Things have been changing recently, at least in my experience. In one ward I know, members leave church to lay a wreath at the local war memorial as part of the town’s commemoration. In another, sacrament meeting is adapted to become a proper Mormon Remembrance liturgy. In my own ward, Sunday school and Primary were interrupted so that we could gather to observe silence at 11 am along with the rest of the nation. There is room for improvement — the American hymnal for one means that our musical devotion lacks an authentically British Remembrance sound — but Mormonism’s closer and closer alignment with the national mood in Britain on such occasions is a definite good.
Our new relationship with the Royal British Legion is an example of this. The Legion are the organisers of the Poppy Appeal and the main providers of charitable care for veterans. For a couple of years, the Church has begun helping to sell poppies. This year our ward joined the shifts collecting at the local train station. In the photo you can see the collection box in the foyer of the chapel.
This incorporation of non-Mormon organisations and cultural rituals into our own British Mormon practice is a sign of a church feeling more comfortable in its own national skin. I am glad.
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I was reflective yesterday on Remembrance Sunday. In the United States, we divide the substance of what our British brothers and sisters commemorate on Remembrance Day between three holidays: Memorial Day, Veterans Day, and, arguably, the Fourth of July. As a result, Veterans Day commemorations as part of public or religious life are much more toned down than Remembrance Day in the UK. In Church, we had an important acknowledgment of the contribution and sacrifices of the veterans in the ward. But the holiday did not find any expression in our services aside from that — no two minutes of silence, no liturgical Remembrance as I’ve experienced in previous years. (Good news reached me from the UK, however, that the long-standing tradition of my ward there has continued in commemorating the day with a liturgical reflection.)
My people left Ronan and Becky’s neighborhood in the 1860s. After being baptized by John Taylor, my ancestor and his mother and a few siblings left their father/husband and other siblings behind in leaving Pershore, England to end up not very long thereafter in Mt. Pleasant, Sanpete County, Utah after an epic immigration by ship and land over thousands of miles to their Zion. Nearly half a century later, relatives and neighbors of this man’s descendants would end up in a place they never thought they’d see, and certainly not under such circumstances as the trench warfare of The Great War.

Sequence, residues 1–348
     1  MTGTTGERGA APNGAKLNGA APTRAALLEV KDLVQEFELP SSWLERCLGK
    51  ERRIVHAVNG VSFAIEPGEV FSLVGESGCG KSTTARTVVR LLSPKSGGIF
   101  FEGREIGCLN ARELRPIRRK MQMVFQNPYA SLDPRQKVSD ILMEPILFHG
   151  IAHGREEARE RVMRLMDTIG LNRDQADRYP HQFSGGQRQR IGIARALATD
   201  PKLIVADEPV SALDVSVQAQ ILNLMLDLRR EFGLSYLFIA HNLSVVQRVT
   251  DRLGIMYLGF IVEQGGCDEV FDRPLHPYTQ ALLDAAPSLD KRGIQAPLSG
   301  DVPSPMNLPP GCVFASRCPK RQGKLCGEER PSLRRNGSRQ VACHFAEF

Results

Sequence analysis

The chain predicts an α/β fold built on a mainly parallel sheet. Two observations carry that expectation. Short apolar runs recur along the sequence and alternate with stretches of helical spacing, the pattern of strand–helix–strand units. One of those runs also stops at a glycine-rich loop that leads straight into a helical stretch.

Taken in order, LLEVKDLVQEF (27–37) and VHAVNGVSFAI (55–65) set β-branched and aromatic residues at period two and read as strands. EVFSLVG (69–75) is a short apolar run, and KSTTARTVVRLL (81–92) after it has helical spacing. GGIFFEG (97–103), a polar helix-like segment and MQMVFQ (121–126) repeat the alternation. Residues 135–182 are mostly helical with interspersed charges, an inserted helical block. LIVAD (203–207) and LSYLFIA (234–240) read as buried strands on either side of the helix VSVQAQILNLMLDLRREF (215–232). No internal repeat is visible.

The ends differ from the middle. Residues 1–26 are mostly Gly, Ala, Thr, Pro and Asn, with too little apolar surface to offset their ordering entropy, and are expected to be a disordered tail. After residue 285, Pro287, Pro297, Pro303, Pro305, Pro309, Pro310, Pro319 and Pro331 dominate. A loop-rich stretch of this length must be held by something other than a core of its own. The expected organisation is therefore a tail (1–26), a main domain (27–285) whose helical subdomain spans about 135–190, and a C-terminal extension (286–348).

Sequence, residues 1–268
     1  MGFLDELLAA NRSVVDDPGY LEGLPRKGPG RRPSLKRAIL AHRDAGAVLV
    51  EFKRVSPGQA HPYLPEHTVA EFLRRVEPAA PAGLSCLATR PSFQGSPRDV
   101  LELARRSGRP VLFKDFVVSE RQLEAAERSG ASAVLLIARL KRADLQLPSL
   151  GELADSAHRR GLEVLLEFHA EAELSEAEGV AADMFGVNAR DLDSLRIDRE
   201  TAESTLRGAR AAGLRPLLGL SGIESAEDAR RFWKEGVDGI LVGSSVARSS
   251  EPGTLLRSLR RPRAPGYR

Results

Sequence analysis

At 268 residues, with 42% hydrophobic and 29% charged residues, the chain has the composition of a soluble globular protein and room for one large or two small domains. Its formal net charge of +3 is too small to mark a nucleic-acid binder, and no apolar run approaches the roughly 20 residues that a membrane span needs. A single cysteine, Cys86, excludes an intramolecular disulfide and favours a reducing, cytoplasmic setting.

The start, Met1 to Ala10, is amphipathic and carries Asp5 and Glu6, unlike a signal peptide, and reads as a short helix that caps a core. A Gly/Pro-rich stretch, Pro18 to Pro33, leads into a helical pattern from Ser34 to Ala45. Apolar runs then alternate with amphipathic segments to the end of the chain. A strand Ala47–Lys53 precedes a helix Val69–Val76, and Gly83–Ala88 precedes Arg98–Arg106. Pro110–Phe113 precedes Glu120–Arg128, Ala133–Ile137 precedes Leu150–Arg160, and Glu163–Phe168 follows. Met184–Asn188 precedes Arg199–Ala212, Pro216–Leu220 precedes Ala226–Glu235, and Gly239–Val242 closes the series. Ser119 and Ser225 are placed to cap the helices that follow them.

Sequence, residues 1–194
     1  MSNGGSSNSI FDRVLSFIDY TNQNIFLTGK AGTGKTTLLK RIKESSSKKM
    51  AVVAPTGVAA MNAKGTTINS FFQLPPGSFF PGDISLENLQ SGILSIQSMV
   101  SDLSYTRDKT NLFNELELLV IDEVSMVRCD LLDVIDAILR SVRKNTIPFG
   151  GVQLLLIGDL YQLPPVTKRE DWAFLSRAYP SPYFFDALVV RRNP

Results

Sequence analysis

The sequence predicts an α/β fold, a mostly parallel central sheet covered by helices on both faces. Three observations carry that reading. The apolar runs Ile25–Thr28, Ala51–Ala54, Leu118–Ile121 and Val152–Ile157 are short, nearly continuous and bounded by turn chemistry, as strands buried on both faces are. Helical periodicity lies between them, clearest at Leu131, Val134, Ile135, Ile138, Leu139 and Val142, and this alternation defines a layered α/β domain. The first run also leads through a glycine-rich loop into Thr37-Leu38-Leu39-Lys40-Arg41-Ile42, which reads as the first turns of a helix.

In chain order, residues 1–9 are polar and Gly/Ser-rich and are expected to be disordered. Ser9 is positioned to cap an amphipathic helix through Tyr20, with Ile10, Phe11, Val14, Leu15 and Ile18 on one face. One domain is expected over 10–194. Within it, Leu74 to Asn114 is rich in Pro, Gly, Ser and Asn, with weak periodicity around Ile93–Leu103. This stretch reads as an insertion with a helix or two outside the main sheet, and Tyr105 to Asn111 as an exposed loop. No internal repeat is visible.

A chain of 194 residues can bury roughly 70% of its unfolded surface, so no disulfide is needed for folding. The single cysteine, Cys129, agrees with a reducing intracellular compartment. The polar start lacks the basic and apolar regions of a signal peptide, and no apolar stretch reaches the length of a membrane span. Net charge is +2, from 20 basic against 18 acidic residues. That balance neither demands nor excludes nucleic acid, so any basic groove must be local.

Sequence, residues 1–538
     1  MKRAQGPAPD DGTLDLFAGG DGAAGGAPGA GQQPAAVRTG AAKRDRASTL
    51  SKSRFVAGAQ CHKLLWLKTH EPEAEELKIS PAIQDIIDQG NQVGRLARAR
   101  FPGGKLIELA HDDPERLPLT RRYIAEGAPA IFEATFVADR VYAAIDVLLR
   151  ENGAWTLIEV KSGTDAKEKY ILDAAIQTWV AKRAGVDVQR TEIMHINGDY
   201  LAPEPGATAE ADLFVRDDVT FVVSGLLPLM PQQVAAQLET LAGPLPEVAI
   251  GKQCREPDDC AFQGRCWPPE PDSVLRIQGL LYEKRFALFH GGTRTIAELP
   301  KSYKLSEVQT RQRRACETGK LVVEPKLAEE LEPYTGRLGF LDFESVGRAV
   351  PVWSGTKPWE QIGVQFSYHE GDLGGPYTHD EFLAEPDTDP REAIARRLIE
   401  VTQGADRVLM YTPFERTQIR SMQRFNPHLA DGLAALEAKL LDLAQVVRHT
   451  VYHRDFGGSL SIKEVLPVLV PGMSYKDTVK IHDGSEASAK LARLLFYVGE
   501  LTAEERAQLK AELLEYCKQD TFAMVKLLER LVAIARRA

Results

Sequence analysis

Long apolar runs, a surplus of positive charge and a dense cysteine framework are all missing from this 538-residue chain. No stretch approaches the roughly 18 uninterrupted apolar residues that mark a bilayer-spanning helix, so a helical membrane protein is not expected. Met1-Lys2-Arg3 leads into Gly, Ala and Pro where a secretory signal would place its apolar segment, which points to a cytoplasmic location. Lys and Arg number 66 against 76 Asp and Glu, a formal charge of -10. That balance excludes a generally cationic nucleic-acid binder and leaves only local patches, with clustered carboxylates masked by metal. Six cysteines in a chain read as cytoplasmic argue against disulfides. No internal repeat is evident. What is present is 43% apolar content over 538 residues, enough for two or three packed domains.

Having lived for a number of years in the United Kingdom, I became accustomed to seeing plaques with lists of names dedicated to those who died in World War I in even the tiniest village churches. But when I was recently in Mt. Pleasant and noticed this memorial, it struck me that so many names from a random, very small town in central Utah were also part of the effort. What interest did these men have in the Kaiser’s bellicose ambitions in Continental Europe, a world away from their rural lives in small-town Utah?
Though the fight was not necessarily theirs, they answered the call to aide allies in the fight. Contemplating the effort, my mind turns to Book of Mormon injunctions to “remember” the Lord’s dealings with ancestors who experienced deliverance at his hands — “remember how great things [the Lord] has done for them; for they were in bondage and he has delivered them” (Mosiah 27:16). In fact, I believe that a particularly Mormon scripture (entirely infused as it is with the ethos of the Old Testament) could serve as a uniquely Mormon contribution to Remembrance Day celebrations:
I would that ye should do as I have done, in remembering the captivity of our fathers; for they were in bondage, and none could deliver them except it was the God of Abraham, and the God of Isaac, and the God of Jacob; and he surely did deliver them in their afflictions. (Alma 36:2)
May we remember them today, whether as part of the national public and religious commemoration enjoyed by the population of the United Kingdom and the Commonwealth, or as part of the honor we give them as our veterans on Veterans Day in the United States.